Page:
A History of 177 Tunnelling Company RE from 1915 to 1919
Stung by the success of German mines beneath British trenches in 1914, the British rapidly recruited mining experts to the Royal Engineers. Illustrated with contemporary maps and plans, this book explains their crucial role in the conflict through the operational history of 177 Tunnelling Company.
Imperial Russian Air Force 1898–1917
In Photographs at the Beginning of the Twentieth Century
Compared with the US and France, Russian colonization of the skies was almost a decade behind, but by 1910 a nascent aviation industry, with its flying schools, festivals and maiden flights, began capturing the nation’s imagination. This collection of over 400 photographs documents the flying machines of pre-revolutionary Russia, from turn of the century balloons and dirigibles to First World War bombers, and portrays the enthusiasts and aviators that made the Russian skies come alive.
War Beneath the Waves
U-boat Flotilla Flandern 1915–1918
The inconclusive outcome of the Battle of Jutland left the Royal Navy in control of British waters, and Germany continued the war at sea with its U-boat fleet, building a substantial base on the Belgian coast. Translated from the Belgian edition, this is a detailed analysis of the U-boat campaign, supported by the author's own underwater archaeology. Tomas Termote examines the vessels and life for the submariners, and outlines the operational history of each of the 93 U-boats housed in Belgian ports. Translated from the Dutch.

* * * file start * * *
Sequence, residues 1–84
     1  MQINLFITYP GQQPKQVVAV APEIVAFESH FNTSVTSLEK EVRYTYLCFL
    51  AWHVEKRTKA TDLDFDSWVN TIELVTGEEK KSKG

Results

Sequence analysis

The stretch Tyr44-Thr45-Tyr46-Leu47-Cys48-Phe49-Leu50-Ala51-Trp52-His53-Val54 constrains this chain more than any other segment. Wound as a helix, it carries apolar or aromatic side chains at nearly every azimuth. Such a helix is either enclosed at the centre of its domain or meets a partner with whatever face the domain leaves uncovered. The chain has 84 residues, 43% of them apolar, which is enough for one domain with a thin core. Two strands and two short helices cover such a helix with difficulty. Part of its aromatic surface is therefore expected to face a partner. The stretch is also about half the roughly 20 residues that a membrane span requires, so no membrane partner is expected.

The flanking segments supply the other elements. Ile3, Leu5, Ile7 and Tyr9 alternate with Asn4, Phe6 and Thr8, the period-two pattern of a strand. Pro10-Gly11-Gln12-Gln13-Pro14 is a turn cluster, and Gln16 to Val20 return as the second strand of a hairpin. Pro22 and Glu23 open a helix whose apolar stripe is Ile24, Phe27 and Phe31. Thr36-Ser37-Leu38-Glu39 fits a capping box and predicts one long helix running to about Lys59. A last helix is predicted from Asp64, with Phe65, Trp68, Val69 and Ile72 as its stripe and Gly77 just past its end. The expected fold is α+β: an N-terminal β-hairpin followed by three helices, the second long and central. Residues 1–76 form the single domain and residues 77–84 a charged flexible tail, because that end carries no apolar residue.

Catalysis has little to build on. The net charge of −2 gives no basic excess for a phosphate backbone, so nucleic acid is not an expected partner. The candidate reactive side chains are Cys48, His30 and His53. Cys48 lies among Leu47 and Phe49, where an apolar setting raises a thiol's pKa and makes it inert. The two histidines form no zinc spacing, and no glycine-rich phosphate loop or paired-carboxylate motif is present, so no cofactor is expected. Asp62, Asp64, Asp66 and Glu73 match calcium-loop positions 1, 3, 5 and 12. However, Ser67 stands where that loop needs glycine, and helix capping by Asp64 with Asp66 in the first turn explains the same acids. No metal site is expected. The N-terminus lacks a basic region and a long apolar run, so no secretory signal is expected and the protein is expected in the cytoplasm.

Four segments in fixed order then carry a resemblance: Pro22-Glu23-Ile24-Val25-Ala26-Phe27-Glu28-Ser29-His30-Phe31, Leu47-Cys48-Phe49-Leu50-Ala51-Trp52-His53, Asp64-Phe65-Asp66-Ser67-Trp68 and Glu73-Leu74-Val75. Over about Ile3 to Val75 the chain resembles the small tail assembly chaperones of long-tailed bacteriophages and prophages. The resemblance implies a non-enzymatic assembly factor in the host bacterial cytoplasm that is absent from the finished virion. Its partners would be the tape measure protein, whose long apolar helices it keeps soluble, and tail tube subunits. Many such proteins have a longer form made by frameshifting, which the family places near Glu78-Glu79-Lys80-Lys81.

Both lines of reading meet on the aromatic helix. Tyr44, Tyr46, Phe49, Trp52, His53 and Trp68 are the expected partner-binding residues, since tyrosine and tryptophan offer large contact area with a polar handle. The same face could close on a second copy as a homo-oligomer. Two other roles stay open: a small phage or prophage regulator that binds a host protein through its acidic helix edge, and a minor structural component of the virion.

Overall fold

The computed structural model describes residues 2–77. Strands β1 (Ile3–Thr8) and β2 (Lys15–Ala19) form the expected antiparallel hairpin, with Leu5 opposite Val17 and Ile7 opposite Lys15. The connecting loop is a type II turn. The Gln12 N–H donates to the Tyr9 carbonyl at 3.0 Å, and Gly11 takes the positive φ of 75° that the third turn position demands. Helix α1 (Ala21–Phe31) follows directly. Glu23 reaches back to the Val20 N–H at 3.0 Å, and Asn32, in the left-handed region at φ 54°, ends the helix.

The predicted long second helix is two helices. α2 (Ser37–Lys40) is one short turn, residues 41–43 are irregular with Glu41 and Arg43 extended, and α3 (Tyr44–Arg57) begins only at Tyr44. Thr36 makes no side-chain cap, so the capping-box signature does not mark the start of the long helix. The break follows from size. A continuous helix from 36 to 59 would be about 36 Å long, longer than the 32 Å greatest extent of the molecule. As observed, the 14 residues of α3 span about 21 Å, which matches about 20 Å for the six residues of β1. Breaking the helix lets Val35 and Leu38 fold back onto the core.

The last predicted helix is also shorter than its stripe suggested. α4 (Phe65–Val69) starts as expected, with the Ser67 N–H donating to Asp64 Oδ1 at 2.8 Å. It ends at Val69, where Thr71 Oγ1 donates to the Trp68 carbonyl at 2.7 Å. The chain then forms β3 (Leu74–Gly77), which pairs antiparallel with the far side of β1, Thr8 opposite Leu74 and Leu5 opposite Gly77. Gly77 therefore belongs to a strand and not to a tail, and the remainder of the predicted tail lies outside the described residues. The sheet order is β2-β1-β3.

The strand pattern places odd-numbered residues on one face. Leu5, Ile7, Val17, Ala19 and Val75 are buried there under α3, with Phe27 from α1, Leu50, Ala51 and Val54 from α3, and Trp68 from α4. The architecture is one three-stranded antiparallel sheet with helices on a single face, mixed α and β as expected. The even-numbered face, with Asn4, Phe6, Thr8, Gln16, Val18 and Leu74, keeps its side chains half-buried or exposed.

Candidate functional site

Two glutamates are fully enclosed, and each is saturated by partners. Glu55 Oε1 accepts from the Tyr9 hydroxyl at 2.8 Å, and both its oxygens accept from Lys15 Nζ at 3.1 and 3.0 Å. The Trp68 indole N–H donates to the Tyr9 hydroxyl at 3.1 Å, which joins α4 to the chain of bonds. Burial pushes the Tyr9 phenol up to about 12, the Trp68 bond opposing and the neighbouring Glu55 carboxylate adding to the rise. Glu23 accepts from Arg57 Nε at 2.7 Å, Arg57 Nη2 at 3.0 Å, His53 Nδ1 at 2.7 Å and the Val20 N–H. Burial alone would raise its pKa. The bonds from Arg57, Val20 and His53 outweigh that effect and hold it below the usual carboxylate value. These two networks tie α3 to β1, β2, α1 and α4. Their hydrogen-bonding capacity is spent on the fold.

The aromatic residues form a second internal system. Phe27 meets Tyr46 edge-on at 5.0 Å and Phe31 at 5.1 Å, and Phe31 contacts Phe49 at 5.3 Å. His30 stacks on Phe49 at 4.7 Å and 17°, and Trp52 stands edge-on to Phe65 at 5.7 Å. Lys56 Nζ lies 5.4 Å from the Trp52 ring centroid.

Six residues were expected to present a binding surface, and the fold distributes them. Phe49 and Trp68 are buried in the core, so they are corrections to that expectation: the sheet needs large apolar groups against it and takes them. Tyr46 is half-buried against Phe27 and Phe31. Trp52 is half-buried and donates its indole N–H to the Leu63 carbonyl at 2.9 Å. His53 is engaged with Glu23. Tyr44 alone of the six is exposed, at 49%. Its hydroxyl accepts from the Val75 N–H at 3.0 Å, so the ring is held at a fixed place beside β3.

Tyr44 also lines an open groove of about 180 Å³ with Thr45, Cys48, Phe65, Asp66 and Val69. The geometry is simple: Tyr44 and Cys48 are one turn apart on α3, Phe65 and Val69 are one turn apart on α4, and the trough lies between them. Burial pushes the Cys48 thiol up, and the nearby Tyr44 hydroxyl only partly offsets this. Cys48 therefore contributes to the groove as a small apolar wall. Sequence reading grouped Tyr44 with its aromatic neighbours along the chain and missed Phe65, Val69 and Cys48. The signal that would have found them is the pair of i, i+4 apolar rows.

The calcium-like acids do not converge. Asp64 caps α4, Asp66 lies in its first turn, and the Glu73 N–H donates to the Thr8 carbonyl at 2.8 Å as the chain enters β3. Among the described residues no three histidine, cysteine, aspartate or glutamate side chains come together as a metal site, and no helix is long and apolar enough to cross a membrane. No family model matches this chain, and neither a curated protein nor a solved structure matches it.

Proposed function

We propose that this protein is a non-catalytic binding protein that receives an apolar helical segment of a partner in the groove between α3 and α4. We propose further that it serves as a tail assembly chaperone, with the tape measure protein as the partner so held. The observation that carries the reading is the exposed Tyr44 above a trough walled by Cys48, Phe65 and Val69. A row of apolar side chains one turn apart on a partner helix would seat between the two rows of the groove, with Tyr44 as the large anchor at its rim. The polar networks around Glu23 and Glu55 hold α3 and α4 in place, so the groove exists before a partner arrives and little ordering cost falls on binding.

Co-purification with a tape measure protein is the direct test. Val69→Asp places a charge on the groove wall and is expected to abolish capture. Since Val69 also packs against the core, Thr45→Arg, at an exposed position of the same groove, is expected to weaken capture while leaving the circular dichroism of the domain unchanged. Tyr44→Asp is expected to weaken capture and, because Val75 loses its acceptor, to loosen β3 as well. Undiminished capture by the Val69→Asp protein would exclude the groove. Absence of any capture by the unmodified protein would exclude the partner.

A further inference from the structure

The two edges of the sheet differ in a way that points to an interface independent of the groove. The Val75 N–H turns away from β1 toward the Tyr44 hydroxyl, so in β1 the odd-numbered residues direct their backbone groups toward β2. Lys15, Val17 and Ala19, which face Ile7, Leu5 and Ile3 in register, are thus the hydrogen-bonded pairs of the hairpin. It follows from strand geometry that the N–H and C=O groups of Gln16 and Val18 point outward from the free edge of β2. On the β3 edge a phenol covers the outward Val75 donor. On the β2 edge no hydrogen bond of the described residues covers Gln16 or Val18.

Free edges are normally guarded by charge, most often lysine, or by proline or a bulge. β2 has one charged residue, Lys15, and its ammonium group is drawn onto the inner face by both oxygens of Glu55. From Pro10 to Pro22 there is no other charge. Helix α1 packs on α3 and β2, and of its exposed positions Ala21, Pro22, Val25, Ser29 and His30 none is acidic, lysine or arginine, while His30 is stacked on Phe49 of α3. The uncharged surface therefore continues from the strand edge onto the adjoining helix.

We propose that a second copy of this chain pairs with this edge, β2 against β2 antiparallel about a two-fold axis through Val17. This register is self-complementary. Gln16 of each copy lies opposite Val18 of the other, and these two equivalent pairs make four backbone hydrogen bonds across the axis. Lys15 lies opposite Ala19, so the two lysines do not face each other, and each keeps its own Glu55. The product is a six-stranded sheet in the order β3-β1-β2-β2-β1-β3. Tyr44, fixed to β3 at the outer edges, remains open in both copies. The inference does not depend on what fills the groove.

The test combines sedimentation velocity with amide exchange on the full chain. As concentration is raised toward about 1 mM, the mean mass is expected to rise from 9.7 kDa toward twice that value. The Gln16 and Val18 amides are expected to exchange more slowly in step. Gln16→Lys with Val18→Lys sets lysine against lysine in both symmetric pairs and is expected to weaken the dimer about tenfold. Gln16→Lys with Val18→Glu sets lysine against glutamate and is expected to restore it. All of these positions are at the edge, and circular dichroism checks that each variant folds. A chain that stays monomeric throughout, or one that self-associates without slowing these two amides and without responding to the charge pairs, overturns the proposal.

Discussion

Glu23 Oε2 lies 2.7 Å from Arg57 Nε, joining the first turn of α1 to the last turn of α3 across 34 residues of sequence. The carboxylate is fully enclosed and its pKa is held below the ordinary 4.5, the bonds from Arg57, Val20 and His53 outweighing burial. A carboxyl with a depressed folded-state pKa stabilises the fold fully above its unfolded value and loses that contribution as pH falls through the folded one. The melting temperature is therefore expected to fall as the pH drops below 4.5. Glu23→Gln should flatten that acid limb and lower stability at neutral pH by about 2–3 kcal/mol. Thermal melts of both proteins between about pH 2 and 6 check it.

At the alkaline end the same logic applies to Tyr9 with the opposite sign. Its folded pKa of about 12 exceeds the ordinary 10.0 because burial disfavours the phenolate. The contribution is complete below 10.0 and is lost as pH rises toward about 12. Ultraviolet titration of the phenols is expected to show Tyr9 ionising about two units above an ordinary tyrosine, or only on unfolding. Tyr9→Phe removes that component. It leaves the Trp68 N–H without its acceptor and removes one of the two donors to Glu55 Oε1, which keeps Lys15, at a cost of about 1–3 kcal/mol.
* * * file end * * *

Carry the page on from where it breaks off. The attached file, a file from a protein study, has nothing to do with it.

Epitaphs of the Great War: The Somme
‘Of all the voices of the First World War there is one that has been consistently overlooked, the voice of the bereaved.’ This collection of 100 epitaphs for soldiers who died during the Somme campaign of 1916 lets the bereaved families and friends speak through the inscriptions on War Graves Commission headstones. The book provides information on the soldiers and explains any biblical or literary allusions used in the short (they were limited to 66 characters) and often cryptic epitaphs.
Epitaphs of The Great War: Passchendaele
Inscriptions on the graves of the First World War dead were limited to 66 characters; a restriction that drove many to create compact, original and profound epitaphs, often relying on quotation or allusion. This book presents 100 headstone inscriptions for the dead of Passchendaele, giving details of the deceased, quoting the biblical or literary passages alluded to and explaining the contemporary meaning of the words, whether plain ‘He did his bit’, or the poetic ‘While the light lasts I shall remember. Georgina’.
For this Alone
and Other Poems
At the outbreak of the Second World War, Ronald Mogg left journalism to join the RAF. In 1940 his Wellington bomber was shot down over Germany and he became a POW. It was in captivity that he turned to poetry and two books of poems were published while he was still in German POW camps: For This Alone (1944) and Time to Stand and Stare (1945). This little book brings together both collections, along with two lithographs by JW Lambert, a fellow prisoner.
The Love of an Unknown Soldier
Love Letters Found in a Trench
Its authorship shrouded in mystery since it was first published in 1918, this series of 19 letters from a junior officer on the Western Front to an American nurse he had met and fallen in love with while on leave in Paris, was discovered in an abandoned dug-out by another officer. Whatever their provenance, the letters tell a poignant love story and at the same time express the courage of the author and his fellow soldiers in their desperate situation.